Literary colossus

Literary colossus

Udupi Rajagopalacharya Ananthamurthy (1931-2014) was among the rare breed who influenced several generations of people and made their mark in various spheres of life.

A committed socialist, the literary giant was known for his short stories, novels, plays, collections of poems, literary criticism and essays.

He was not just that. The multi-faceted personality, he excelled as a teacher and administrator, igniting several young minds. Though he taught English literature, Ananthamurthy wrote in Kannada. That many of his works have been translated into several languages of the world is an indication of his standing in the world of literature. Only last year, he was nominated to the Man Booker award.

Films based on his novels – literary classics Samskara and Ghatashraddha – created ripples in not just new wave Kannada cinema but in other languages too. While Samskara brought the coveted top-most national award Swarn Kamal for the first time to Kannada filmdom, along with Ghatashraddha which also bagged the same award, it resulted in the rare event of a single author’s works winning the prestigious prize twice.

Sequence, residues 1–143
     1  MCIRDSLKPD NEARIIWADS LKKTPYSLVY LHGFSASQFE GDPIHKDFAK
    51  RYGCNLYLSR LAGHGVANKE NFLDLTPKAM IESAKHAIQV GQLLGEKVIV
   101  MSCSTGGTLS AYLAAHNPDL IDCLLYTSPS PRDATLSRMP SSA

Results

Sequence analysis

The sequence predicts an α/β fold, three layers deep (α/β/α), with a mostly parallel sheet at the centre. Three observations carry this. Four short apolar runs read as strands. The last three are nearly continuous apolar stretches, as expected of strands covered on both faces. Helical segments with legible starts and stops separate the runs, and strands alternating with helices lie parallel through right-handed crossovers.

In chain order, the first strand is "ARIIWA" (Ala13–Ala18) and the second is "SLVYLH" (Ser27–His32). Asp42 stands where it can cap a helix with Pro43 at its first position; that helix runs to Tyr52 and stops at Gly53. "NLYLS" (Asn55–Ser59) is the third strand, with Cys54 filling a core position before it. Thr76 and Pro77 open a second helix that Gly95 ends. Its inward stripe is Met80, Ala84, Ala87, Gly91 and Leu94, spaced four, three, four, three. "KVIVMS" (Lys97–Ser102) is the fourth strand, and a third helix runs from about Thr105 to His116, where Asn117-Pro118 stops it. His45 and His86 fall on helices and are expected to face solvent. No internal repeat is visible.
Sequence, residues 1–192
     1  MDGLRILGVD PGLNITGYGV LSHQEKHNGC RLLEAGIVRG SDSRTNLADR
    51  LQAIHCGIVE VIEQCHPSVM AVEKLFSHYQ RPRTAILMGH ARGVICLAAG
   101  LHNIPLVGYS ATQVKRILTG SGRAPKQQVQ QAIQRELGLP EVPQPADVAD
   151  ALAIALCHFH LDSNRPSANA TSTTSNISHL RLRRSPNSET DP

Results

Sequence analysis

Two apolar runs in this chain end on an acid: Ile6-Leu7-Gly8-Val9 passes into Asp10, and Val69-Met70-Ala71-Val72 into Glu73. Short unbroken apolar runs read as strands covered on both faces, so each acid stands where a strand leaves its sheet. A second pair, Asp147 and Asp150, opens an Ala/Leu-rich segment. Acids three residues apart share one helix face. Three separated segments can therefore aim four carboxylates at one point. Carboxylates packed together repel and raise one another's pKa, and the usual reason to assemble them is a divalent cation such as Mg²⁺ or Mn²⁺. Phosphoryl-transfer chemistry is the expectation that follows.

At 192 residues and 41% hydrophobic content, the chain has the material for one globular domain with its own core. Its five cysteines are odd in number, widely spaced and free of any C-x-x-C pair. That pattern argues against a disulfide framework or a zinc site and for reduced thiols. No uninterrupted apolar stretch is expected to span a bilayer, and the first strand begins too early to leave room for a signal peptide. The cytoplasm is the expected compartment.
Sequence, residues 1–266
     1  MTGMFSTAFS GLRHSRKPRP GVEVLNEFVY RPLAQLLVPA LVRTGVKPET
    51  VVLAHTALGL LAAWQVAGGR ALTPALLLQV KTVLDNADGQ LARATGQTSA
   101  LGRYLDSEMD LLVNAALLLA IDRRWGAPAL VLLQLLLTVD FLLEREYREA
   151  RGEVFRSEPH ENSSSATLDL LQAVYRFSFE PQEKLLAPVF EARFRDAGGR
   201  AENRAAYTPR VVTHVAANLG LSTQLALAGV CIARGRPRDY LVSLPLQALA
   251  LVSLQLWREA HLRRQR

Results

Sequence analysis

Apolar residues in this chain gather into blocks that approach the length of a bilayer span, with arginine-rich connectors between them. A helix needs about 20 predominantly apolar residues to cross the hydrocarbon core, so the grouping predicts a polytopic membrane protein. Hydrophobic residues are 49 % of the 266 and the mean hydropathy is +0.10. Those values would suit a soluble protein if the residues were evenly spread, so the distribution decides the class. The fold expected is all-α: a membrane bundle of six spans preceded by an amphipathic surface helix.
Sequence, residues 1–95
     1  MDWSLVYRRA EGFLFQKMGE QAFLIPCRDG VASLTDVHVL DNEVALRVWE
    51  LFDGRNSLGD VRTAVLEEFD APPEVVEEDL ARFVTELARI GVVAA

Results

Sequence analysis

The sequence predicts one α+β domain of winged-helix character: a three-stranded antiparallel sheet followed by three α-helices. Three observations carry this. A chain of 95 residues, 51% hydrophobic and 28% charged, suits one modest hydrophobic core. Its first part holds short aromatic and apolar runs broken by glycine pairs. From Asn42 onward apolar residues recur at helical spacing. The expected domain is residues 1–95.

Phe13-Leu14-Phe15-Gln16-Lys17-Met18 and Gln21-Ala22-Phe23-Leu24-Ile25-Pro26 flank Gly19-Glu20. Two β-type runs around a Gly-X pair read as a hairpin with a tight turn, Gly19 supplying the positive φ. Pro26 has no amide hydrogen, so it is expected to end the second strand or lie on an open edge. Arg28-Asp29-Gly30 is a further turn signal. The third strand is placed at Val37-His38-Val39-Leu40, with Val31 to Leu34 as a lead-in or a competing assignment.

As they won national awards, the two books – which were also translated into several languages across many countries - also brought out the thinker in Ananthamurthy. For his works, the writer was to be showered with various awards over the years, prominent among them being Padma Bhushan and Jnanpeeth.

One of the tallest progressive thinkers the country has seen, Ananthamurthy was the centre of many controversies too. Never hesitating to express his views, he had his own sections of followers as well as opponents. Still, he mostly used to have good relations with even those with whom he had differences.

A staunch votary of secular ideals, he raised his voice on several social and political issues and remained unfazed and adamant on the controversies that his comments created till his very end. In the last two decades, especially in the last couple of years, the thinker’s open statements against the BJP and Hindutva had set both the party and the activists against him.

Though Ananthamurthy never took it personally, his Hindutva opponents did which amply came out when a section among them celebrated his death, which can only be condemned in strongest terms. So strongly he felt about Hindutva that even on his death bed, he was giving final touches to his last book on the subject. A writer lives even after his death. With his works. Ananthamurthy is one such rare personality.